Officially launched this week was the first novel by (yes, it’s her again) Mid Bedfordshire Tory MP Nadine Dorries. A launch party was organised. But over it hung a dark cloud: whatever optimism was on show that evening was tempered by the knowledge that the Telegraph had been banned from the event after Christopher Howse had delivered a scathingly bad review of the book.
The Four Streets is set in 1950s Liverpool, and is said to draw on Ms Dorries’ own memories. On the book, and that assumption, I will offer no further personal comment, other than to note that the fragrant Nadine was born in 1957, and what memory she might have of the 1950s – rather than the following decade – would be quite remarkable if it were so full of detail.
Howse’s review was a masterclass in dismissal and diminution: “Perhaps, if the story had begun at page 289, on which something happens, it might have stood a chance. As it is, the action repeatedly falls from the author’s grip, like a sticky dummy from the lips of a fractious, sickly child in an old pram ... Even a car ploughing into a crocodile of children fails to liven things up”. Ouch!
It gets worse: the Tel is not the only paper to pass less than totally favourable comment on the Dorries meisterwerk, pace the Times: “the writing is, at its best, workmanlike and, at its worst, seems to be assembled from fridge-magnets”. Tim Walker of the Tel told that “It's bonkers. Nadine seemed to be saying only diarists from papers that gave her awful book a glowing review could attend”.
And then came Sarah Ditum at the Staggers: observing “After her remarkable flights from fact in her statements on abortion, it's disappointing to find that Dorries is just not very good at making things up” before concluding “In the face of such awfulness, I put on my best Oirish burr and say: Jaysus, Mary and Joseph, feck this shite”.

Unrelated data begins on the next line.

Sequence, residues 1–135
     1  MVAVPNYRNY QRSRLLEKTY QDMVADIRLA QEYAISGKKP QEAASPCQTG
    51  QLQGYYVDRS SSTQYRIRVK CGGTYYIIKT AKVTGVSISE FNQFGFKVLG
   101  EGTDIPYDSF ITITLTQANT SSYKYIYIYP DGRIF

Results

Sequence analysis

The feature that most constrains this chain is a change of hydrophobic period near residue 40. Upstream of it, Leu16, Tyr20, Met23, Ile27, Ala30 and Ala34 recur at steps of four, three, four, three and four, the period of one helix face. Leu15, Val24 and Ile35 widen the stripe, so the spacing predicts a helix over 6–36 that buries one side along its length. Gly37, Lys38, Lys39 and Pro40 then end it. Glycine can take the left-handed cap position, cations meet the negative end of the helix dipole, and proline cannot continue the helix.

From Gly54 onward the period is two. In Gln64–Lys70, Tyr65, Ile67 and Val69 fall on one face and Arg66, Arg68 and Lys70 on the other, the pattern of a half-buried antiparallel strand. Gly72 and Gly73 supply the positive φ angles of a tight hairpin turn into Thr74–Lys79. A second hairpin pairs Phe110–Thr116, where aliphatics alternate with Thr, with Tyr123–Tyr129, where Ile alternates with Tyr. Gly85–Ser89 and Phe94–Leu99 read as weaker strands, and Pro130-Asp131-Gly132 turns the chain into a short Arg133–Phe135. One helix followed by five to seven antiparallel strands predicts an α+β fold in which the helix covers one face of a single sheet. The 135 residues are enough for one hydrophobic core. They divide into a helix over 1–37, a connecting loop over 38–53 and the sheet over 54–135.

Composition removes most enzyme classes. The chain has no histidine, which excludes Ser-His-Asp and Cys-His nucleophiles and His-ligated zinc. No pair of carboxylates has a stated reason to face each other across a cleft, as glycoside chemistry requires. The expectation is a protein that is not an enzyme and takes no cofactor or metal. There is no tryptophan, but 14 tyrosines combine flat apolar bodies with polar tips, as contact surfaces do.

The deeply subversive Guardian at least gives the book two stars, but notes “Every overcrowded home in her four streets would appear to be a persuasive argument in favour of birth control in any form. But the children are also bringers of joy and love, and mothers never really die, so maybe that's alright then”. Sadly for Ms Dorries, though, she has also come to the attention of the deeply unpleasant Jan Moir.
Out have come the claws, following that ban on the Tel: “preposterous Tory MP Nadine Dorries banned a journalist from attending a party to launch her new novel – because his newspaper had given her book a bad review. Honestly. Judy Garland in her pomp behaved more sensibly than Nadine”. The publishers and PRs may be starting to get nervous. After all, Ms Dorries secured a big advance, and they will be betting on two more paydays from the rest of the trilogy.
Banning the Telegraph was foolish. The press isn’t going to forgive that easily.